And even as the live sector slowly starts to get back to business, the record industry knows to keep its bragging about the ongoing streaming boom and the COVID-proof revenue growth it has generated to the minimum. Not least because the big debate about whether artists should be getting a bigger cut of those digital dollars continues to rage.

With that in mind the blog post from RIAA boss Mitch Glazier that accompanies his organisation's new stats pack begins with plenty of musings about the impact of COVID on the wider music business; the music community's role in tackling the pandemic; and the value the music industry delivers to the US economy. Only then does the stats bragging begin.

"New data released today shows just how deeply Americans continue to value and engage with recorded music", he writes, "listening to more than 840 billion on-demand streams in the first half of the year. [This is] a record for any six month period in history and one with substantial room for continued [growth] both on audio streaming and on audiovisual platforms like TikTok and Twitch"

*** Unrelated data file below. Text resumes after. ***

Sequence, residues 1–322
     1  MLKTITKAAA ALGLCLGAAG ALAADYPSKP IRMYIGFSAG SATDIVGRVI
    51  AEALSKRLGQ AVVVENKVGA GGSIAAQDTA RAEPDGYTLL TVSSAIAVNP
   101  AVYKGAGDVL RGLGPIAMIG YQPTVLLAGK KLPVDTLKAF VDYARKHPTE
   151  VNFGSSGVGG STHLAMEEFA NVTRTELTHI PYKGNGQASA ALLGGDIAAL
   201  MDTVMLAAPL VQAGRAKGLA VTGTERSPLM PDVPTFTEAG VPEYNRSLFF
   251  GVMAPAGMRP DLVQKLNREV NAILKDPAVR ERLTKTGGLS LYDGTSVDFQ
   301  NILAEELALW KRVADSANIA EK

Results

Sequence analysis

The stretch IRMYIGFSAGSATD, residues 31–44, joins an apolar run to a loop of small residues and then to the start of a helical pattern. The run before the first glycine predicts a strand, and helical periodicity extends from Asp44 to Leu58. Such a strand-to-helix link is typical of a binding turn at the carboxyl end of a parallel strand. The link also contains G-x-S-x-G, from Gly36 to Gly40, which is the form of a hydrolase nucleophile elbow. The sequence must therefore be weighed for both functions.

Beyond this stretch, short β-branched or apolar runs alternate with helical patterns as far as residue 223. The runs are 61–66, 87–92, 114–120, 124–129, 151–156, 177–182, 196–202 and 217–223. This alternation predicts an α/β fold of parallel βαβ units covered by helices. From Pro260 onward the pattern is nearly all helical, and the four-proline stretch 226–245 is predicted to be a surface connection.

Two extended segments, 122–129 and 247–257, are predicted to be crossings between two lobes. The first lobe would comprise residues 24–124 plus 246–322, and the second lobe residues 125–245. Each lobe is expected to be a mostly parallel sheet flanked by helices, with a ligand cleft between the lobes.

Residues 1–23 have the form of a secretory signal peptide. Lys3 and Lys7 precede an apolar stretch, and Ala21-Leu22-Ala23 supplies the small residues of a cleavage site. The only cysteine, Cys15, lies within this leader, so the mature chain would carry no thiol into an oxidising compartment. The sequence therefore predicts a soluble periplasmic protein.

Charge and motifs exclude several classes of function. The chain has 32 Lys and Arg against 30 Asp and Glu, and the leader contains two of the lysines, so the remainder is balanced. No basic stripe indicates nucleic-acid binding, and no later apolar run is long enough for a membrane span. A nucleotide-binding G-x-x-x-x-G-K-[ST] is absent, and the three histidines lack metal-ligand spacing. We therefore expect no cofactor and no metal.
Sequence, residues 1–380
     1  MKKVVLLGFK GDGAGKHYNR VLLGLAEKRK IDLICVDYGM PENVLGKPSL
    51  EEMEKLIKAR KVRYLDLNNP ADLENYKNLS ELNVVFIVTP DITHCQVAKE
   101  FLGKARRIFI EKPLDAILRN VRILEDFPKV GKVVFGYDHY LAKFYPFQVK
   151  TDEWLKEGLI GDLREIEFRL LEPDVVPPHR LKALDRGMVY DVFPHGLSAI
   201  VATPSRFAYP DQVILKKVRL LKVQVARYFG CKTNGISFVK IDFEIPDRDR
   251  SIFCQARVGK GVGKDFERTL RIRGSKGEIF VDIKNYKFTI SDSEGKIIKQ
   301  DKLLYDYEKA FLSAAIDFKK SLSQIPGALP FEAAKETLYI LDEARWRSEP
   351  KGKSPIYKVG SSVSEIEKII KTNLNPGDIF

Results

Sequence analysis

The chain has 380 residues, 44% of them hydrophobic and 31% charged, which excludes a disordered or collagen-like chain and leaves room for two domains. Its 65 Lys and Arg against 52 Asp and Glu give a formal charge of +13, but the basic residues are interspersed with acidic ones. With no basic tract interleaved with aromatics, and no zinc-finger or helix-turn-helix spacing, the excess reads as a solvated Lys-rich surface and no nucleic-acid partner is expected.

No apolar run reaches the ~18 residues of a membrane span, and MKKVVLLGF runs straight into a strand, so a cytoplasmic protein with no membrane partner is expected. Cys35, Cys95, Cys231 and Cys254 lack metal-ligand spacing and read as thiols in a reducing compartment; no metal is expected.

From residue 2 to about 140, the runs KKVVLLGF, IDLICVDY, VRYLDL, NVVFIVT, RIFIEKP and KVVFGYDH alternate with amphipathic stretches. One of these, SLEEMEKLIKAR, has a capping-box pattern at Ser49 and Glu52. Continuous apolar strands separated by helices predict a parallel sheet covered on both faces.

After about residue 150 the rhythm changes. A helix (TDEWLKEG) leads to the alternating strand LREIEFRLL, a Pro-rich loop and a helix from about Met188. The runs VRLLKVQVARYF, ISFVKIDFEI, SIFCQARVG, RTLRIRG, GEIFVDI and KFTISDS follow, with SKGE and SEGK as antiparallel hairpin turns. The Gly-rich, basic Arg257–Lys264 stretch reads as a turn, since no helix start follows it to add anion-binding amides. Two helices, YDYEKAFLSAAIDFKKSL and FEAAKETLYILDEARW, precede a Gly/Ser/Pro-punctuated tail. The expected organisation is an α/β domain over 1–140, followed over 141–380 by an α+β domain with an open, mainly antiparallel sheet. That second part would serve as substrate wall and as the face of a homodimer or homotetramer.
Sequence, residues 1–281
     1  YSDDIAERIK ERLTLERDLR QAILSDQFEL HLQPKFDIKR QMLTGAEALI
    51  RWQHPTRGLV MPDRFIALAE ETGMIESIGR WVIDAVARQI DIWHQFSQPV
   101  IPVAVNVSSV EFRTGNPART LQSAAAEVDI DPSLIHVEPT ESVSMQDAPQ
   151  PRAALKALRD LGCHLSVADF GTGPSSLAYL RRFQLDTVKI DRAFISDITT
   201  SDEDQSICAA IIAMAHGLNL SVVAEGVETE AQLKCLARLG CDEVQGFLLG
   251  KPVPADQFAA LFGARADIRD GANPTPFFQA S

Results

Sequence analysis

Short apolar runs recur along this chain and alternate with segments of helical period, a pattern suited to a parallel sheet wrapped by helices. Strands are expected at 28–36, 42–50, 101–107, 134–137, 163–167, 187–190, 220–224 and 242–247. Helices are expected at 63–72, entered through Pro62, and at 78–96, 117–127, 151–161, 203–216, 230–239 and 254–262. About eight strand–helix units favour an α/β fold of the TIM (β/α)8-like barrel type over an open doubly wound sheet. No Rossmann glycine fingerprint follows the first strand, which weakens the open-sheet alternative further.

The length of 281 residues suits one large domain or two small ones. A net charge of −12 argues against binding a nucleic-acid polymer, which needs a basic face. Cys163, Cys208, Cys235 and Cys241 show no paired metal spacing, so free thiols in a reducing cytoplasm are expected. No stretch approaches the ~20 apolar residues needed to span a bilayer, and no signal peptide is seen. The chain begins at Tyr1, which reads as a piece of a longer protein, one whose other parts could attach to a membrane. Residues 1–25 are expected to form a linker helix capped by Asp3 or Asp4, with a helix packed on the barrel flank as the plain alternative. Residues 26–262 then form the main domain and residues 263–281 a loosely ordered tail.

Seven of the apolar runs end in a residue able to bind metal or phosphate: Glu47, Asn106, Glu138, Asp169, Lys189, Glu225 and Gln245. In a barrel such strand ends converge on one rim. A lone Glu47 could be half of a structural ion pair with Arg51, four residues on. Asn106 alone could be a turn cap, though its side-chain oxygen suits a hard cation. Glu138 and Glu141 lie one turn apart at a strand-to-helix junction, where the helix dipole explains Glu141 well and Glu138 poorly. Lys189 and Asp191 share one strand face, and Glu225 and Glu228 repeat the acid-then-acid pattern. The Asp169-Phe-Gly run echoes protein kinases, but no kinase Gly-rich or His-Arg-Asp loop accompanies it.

"Streaming continues to grow in countless ways", he adds, "expanding its reach as the dominant form of listening today with nearly $6 billion in recorded music revenues so far this year, 84% of the total. Paid subscriptions continued a multi-year trend of strong growth, increasing 13% over the first half of 2021 to a record 82 million".

Social media and other digital platforms that use music are also a big opportunity in the years ahead, he then says, although some might need to be kicked a bit to get all their licences sorted.